Who were the "obvious" candidates as possible 2500 players at age 14? Historically, the best juniors have matched their age, i.e. broke 2000 at age 10, 2100 at 11, 2200 at 12, 2300 at 13, and 2400 at 14, and 2500 at age 15. Han Xiao was the first to break 2400 at age 13. I checked on him and a few other obvious ones to see when they broke 2500.

Players like Eric Boggan and Rutledge Barry were challenging and beating many of the best U.S. players by age 14 but neither came close to 2500, or even 2400 at 14. Sean O'Neill reached 2500 at age 15 in 1982 - he matched his age every year from age 11 to 15. From way back then, I don't think anyone else really came close to breaking 2500 at age 14. At first I didn't think since had broken 2500 as a 14-year-old other than Lily. And then I hit paydirt.

Adam Hugh reached 2510 on Dec. 8, 2002. He was born on Jan. 5, 1988. So he was 14 years 11 months old when he broke 2500. So Lily is not alone. However, Lily was born in June, 1996, and so was 14 years 9 months old when she broke 2500. So I believe she is the youngest ever to break 2500. And it's also interesting that the youngest to break 2500 is a girl. Go girls' lib!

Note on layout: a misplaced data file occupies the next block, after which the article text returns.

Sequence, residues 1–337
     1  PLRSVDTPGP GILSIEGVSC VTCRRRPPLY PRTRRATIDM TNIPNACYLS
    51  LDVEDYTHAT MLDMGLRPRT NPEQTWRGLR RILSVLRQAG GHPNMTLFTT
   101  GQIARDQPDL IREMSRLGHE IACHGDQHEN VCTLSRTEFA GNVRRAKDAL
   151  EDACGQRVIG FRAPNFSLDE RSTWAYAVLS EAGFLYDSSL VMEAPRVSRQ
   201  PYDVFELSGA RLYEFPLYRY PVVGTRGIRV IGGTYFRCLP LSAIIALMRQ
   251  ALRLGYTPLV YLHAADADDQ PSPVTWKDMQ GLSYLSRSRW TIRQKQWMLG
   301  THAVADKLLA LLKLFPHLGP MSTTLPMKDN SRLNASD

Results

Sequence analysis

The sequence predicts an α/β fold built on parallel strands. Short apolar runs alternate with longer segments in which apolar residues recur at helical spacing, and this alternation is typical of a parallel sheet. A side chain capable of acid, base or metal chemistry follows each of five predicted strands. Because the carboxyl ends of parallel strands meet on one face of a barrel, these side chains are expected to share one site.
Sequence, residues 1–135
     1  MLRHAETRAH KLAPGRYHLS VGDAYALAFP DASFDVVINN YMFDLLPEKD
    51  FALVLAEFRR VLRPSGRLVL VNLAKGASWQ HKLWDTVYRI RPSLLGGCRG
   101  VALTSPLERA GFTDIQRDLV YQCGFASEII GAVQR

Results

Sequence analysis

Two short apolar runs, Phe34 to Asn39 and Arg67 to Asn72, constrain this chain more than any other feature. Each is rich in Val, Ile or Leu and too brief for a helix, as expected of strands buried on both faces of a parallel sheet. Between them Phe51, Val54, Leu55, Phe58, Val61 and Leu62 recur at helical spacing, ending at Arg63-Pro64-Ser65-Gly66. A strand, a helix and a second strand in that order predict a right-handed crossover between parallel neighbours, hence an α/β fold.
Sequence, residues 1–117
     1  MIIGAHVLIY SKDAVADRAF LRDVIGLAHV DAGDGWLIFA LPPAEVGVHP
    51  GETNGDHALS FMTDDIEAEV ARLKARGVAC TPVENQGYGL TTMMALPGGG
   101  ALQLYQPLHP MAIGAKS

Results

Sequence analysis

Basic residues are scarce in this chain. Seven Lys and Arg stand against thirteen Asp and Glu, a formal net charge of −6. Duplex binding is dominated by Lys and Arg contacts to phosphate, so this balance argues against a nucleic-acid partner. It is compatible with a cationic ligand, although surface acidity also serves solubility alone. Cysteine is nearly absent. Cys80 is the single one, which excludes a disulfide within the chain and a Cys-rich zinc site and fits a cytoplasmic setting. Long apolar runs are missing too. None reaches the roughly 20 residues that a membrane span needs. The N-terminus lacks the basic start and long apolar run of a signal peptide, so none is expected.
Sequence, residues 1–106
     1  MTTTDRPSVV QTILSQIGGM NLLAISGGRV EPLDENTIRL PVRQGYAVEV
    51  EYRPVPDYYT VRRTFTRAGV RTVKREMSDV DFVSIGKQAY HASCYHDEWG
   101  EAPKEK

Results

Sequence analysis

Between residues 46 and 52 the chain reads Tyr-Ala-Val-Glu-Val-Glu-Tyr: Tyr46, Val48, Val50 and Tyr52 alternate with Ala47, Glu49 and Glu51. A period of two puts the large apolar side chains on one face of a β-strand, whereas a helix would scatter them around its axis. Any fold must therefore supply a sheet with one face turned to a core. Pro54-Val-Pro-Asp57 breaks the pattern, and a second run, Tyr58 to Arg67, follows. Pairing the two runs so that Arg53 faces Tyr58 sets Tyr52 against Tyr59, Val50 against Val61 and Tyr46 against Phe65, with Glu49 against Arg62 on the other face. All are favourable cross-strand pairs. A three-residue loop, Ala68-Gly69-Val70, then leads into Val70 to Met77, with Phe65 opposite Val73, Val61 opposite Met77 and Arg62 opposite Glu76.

Others who reached 2500 at a young age since 1994:

  • Han Xiao was born on Dec. 19, 1986, and reached 2501 in May of 2002. So he was 15 years 5 months at the time.
  • Keith Alban was born in Dec. 1983, and reached 2537 in July, 1999, at age 15 years 7 months.
  • Mark Hazinski was born on April 20, 1985, and broke 2500 in February, 2001. (He actually went straight from 2412 to 2652.) So he was 15 years 10 months old at the time. He's the youngest to reach 2550, 2600, and 2650, so Lily now has another target!
  • Justen Yao was born on Jan. 29, 1993, and reached 2536 in Nov. 2008. So he was 15 years 10 months when he reached 2500.
  • Jeff Huang was born in Oct., 1991, and reached 2585 in April, 2008. So he was 16 years 6 months when he reached 2500.
  • Sunny Li was born in July, 1982, and reached 2536 in Nov., 1999, at age 17 years 4 months